2023 Triumph Street Triple 765 R and RS First Ride Review

No better way to review a motorcycle than to fully exploit its potential on a race track, and that is exactly what we got to do with the 2023 Triumph Street Triple 765 at the Jerez Circuit in Spain

Story: Azaman Chothia
Photography: Triumph Motorcycles

The first generation model was launched back in 2007 and has come a long way since then. For 2023, Triumph has taken their learnings from Moto2 and drastically improved the potent inline-triple cylinder motor alongside other major updates. To experience the motorcycle, we got to test it for a full day at the Jerez Circuit in Spain followed by a ride on the road the next day. The bike retains the iconic Street Triple silhouette with some elements that give it a sharper and sportier look. The fuel tank is sculpted more like a sport bike where it is higher and tapers down towards the front. It has a capacity of 15 litres making the tank 2.4 litres smaller than the previous generation model. The sleek bug eyes with the DRLs give it an angrier look and they are placed slightly higher up the bike. There is a sleek panel on top of this headlight setup compared to the previous gen model that sported a tiny windscreen. The RS sports an underbelly cowl which can be fitted as an accessory on the R model. In terms of looks, this is one desirable motorcycle, especially in this Carnival Red paint scheme.

As soon as I was out on track, the RS felt really friendly and easy to get up to speed with. The RS gets a slightly raised rear end giving it a seat height of 836 mm and you get an 826 mm seat height on the R. The handlebars are 12 mm wider than before giving a rider more leverage and the RS also gets a sharper 23.2 º Rake and 96.9 mm Trail. On the other hand, the R gets a 23.7 º Rake and 97.8 mm Trail. With this, the R has a wheelbase of 1402 mm while the wheelbase on the RS stands at 1399 mm making it shorter than the previous model. Riding both back to back on the road, the ergonomic difference is very minor; the RS obviously feels slightly more committed. The bike has a kerb weight of 189 kg but feels extremely light once it is on the go. The RS gets a 5-inch TFT instrument cluster while the R gets the unit that we see on the Trident and the Tiger 660 Sport. It is easy to navigate through the settings and ride modes with the switchgear and there are also different layouts to choose from on the RS model. The only thing I would have appreciated more would be a better layout for the tachometer.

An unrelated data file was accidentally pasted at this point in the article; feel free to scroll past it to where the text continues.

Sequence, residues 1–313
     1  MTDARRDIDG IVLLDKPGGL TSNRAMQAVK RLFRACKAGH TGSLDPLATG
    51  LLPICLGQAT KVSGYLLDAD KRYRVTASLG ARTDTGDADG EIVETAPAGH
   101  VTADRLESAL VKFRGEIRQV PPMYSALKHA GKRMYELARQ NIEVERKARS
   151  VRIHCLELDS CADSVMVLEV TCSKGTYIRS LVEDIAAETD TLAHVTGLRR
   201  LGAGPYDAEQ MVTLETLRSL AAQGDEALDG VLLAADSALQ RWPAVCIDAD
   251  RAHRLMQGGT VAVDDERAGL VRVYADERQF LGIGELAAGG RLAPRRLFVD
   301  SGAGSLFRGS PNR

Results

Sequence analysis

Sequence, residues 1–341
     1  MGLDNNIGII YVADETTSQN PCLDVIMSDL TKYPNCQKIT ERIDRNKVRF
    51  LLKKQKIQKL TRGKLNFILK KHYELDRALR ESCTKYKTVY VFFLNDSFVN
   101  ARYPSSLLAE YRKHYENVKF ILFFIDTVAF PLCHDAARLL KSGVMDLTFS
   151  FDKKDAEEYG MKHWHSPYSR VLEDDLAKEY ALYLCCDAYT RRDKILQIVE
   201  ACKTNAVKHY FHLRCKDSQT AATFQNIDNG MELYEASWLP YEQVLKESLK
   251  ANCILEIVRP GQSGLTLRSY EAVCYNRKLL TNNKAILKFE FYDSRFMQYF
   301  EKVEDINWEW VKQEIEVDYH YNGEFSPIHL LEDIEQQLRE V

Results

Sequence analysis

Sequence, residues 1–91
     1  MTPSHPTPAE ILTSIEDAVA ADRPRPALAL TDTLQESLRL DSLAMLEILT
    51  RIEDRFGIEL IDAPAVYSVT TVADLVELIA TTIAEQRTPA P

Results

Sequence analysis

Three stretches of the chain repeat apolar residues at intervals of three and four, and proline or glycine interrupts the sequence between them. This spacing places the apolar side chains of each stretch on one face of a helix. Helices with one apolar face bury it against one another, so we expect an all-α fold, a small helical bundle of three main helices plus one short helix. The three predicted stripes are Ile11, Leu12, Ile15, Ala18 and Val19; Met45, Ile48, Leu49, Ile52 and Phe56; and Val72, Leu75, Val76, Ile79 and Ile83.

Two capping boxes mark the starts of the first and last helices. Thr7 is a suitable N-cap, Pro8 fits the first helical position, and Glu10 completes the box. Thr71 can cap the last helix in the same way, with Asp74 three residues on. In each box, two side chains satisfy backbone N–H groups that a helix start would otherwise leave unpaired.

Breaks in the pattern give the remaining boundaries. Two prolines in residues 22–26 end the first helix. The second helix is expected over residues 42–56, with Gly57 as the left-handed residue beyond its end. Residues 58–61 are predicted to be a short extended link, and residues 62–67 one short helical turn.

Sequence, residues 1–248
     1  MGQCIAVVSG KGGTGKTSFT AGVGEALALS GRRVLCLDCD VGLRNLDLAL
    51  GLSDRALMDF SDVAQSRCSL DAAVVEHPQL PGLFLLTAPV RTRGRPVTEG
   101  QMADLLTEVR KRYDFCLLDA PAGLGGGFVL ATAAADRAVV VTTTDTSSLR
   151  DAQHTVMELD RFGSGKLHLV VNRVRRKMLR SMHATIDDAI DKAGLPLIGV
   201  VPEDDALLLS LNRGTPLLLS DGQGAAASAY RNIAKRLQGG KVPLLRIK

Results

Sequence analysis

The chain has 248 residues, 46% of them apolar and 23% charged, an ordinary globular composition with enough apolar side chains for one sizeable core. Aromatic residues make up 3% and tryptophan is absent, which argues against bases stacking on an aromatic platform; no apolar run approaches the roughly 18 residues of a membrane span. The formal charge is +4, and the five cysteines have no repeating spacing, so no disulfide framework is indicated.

The chassis is an aluminium beam twin-spar frame with a two-piece high-pressure die-cast rear subframe. Sitting in the frame is the 765-cc, in-line triple-cylinder motor mated to a six-speed gearbox and both variants get a bi-directional quickshifter as standard. The RS now puts out 130 hp at 12,000 rpm and a peak torque of 80 Nm at 9,500 rpm. The R in comparison puts out 120 hp at 11,500 rpm and a peak torque of 80 Nm at 9,500 rpm. Some of the main changes in the upgraded motor include a higher compression ratio, gets new pistons, new valves and camshafts, a new combustion chamber, and increased cylinder pressure limits. A single catalytic converter and a freer-flowing exhaust system help the updated engine breathe better and produce an even better exhaust note.

The gearing ratios have also been retuned where the 1st gear is tall and the 2nd to 6th gears get closer ratios. With all of these changes, the Street Triple RS was a hoot to ride on the track. Blasting around the Jerez circuit was such a surreal experience as the bike is so confidence inspiring and the sharp and flickable nature allowed it to flow so naturally through the crazy corners of this iconic circuit. The bike accelerates harder and you have more power and torque coming in at 7,500 rpm making the engine very responsive and rev-happy on the track. With each passing session, I was able to push harder and it was just so enjoyable to quickshift through the gearbox on the straights while the inline triple motor compliments the entire experience with that spine-shivering exhaust note. There are five riding modes: Rain, Road, Sport, Track, and Rider which can be set up accordingly. The new electronics package includes Cornering ABS and Cornering Traction Control. The Track mode limits ABS and TC intervention to a minimum which provided me with great control through each of the passing sessions. On the back straight, I hit around 205 km/h before I had to get on the brakes and swoop through the Dani Pedrosa corner. When you hit over 200 km/h on a naked bike, the windblast is literally trying to pull you off the motorcycle. Not complaining as that is literally one of the most exciting parts about any naked streetfighter.